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Offering ideas to brands

Discussion in 'General Business Forum:' started by Paul Murray, Sep 2, 2014.

  1. Paul Murray

    Paul Murray Moderator Staff Member

    Has anyone any experience of presenting ideas for products or apps to established brands? I have a coupe of ideas that I think would be pretty cool, one of which is a different spin on a popular board game that I could really see working as a Christmas product.

    I'm toying with the idea of presenting the idea to the brand that owns the rights to the original game and letting them use it, in exchange for a small financial return of course :icon_biggrin:

    However I'd obviously want to ensure I wasn't going get laughed out of a board room, only to see my idea on the shelves next Christmas. What would be the best way of protecting my idea. Is it even possible, or would their legal team find a way around it?
  2. hankscorpio

    hankscorpio Moderator Staff Member

    I'd definitely seek a lawyers opinion.

    I mean, I watch a lot of Law and Order, Criminal Intent, but I don't think I've seen that show.
    Paul Murray likes this.
  3. Corrosive

    Corrosive Moderator Staff Member

    It would be an interesting test of a company's moral compass if nothing else...
  4. Wardy

    Wardy Active Member

    You would need to copyright in some way initially, or at least be able to show proof of when you came up with the idea. Then you just need to get in touch with the right person
    and meet face to face, which won't be easy if it is a big company. I presume they get lots of potential time-wasters.

    Alternatively, you could produce it yourself through Kickstarter or something, if you can put your own branding to it. There are a lot of board games and apps on there.
    Or you could turn up to one of the big toy and games fairs that they have each year.
    Paul Murray likes this.
  5. Paul Murray

    Paul Murray Moderator Staff Member

    This is something I'm going to look into. The last time I spoke to a lawyer it cost me £200 an hour though. My bank balance is still stinging from that chat!

    Would simply presenting an execution of the idea on paper so to speak be enough to protect my rights to it?

    If I was 8 I think they'd probably run with it as a publicity stunt. But I'm 28 so I'm not sure I'm cute enough. I could always kick up a fuss in the press if they screwed me over. The Metro would be all over the story :icon_biggrin:
  6. Paul Murray

    Paul Murray Moderator Staff Member

    Ah, I actually hadn't considered Kickstarter or something like that. I could look into that as an option I guess, though I think the strength of the idea is that it's a spin on a popular game everyone knows and has played at some point (it's not Monopoly by the way, they're already saturated with versions).
  7. @GCarlD

    @GCarlD Well-Known Member

    Being able to even speak to the right people let alone get into the board room is a huge task in itself. If it is a popular board game like you say, I assume it is a big company, which makes things even more difficult.

    Another thing is, check that your idea isn't already out there in some form or another. You'll be surprised at how many other similar idea's could be floating about, and if it is, they have probably already heard of it. I was in a similar situation last year, as I had a new idea for a new type of 'Smart' Mirror, only to eventually find a similar (but not the same) idea already out and prototypes produced.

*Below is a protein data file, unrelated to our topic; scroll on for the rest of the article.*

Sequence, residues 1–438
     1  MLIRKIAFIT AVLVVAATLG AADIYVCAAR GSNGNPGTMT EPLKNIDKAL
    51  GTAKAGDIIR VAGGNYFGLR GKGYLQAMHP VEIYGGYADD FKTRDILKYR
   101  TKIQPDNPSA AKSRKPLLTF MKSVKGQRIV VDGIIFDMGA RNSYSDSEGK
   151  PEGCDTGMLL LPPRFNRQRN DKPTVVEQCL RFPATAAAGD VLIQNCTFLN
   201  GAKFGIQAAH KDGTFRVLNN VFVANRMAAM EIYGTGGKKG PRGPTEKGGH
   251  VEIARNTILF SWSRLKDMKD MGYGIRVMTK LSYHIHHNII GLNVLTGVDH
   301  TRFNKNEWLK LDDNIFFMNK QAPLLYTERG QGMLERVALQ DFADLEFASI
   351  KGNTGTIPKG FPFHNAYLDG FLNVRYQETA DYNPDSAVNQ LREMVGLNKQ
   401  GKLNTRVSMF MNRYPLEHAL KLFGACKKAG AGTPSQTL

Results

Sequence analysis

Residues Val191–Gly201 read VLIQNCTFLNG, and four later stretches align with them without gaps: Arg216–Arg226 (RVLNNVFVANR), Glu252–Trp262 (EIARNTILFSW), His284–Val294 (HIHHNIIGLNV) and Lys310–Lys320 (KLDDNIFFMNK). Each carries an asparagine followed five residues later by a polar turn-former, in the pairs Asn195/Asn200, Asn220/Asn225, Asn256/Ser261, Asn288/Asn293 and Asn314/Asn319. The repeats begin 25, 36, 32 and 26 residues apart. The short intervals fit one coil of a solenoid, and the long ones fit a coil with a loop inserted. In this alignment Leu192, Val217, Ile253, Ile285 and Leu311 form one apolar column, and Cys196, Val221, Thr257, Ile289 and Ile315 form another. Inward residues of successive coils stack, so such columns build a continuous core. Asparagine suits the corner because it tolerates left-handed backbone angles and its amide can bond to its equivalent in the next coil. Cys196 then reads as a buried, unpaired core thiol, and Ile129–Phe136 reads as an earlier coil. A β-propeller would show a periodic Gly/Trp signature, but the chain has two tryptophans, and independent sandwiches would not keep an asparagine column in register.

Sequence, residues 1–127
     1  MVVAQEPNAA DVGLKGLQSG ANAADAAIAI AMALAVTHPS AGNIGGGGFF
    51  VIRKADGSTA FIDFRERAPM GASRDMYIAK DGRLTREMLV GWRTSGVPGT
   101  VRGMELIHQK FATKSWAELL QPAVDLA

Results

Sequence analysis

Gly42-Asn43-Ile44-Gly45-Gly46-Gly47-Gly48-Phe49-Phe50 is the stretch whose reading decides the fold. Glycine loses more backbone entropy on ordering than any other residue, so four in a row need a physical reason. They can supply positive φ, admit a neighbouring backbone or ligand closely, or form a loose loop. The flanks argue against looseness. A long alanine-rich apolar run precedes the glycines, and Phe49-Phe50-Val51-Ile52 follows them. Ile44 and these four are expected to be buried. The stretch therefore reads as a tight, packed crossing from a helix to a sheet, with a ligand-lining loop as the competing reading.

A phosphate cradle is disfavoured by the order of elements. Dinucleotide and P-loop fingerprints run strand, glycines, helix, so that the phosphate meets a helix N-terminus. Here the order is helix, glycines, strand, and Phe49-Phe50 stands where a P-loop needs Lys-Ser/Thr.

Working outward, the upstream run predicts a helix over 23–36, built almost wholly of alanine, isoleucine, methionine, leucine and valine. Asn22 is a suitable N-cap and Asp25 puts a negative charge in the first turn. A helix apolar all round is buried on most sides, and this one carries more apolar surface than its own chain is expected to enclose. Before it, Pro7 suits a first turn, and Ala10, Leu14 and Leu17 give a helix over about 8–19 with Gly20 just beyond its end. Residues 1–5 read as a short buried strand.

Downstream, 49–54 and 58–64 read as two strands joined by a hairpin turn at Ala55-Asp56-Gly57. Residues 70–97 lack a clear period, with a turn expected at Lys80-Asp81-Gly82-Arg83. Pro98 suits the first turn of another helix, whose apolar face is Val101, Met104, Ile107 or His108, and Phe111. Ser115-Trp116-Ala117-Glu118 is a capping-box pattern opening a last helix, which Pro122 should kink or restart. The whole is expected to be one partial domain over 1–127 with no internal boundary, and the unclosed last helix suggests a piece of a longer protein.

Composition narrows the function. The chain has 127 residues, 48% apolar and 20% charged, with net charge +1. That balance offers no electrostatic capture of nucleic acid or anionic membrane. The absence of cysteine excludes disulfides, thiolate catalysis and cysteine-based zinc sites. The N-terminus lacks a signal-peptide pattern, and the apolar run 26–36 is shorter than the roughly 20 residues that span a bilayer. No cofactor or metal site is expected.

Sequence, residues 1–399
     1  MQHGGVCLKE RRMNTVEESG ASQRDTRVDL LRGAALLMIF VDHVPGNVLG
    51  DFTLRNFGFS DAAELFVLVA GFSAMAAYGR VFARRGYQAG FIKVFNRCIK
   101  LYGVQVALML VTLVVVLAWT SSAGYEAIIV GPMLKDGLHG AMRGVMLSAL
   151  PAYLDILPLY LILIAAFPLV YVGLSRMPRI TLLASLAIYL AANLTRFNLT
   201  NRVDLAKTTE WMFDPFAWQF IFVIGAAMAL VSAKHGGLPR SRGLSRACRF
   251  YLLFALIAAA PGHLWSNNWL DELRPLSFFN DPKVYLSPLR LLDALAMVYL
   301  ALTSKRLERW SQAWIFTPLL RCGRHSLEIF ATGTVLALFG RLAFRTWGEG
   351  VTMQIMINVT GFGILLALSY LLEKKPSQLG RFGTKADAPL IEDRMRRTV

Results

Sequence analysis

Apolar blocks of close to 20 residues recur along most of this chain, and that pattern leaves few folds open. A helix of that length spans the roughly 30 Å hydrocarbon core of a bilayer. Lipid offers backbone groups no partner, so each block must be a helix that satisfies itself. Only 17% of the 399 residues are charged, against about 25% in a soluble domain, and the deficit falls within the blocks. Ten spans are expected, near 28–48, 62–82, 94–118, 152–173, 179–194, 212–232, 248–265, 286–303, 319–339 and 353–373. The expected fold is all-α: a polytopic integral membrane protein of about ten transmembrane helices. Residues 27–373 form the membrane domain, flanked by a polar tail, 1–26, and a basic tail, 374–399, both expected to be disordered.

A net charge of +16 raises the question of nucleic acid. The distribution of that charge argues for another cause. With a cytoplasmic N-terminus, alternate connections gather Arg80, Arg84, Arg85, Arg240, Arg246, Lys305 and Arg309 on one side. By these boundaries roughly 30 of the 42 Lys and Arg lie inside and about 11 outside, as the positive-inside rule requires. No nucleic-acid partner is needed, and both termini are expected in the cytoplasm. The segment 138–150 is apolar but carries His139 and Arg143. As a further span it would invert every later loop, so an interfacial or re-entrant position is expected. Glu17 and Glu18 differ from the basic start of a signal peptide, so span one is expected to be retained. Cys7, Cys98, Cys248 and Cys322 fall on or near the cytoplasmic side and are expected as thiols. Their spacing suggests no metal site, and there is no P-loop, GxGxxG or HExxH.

Last thing, be very carefully, only give out as much information about your idea as possible without giving it all away, or enough to which they could figure the rest out themselves, if you get what I mean. Had a similar scenario with a new game app I have designed, approached various medium companies about it, but got little response. It is very difficult to gain a companies attention in an idea, without given them the full details.

    It's like a game of chess and you have to be very careful how you play it. The solicitor suggestion is a good one, but to be honest, worst case scenario if it was going to go that far and you are up against a big company, they will likely be able to blow you out of the water in court. The best thing to do would be to take your time and try and gain their trust beforehand and build a relationship. Consider aiming for Christmas 2015.
    Paul Murray likes this.

    ARRIVALS Well-Known Member

    What's the idea? We're all friends here. :icon_cheers:
  9. Dave L

    Dave L Well-Known Member

    Put the documentation (and maybe some files burned to disc) in a heavily-sealed/taped-up envelope and mail it to yourself in a manner which means you have to sign for it. When it arrives, file it without opening it. This will provide decent evidence of the timeline if you ever get into dispute.
    Paul Murray likes this.
  10. Paul Murray

    Paul Murray Moderator Staff Member

    That was actually my first line of thinking, being able to prove that I'd had the idea and proposed an execution of it well before it hit shelves. I thought it was a myth though.

    I could tell you, but then I'd have to kill you :icon_biggrin:
  11. Dave L

    Dave L Well-Known Member


    I don't believe so. I'm sure there are additional precautions you could take, like mailing it to a credible third party (a solicitor would be the ideal) but I'm pretty certain anything which can be demonstrated not have been tampered with would suffice (is there such a thing as a tamper-proof envelope?).

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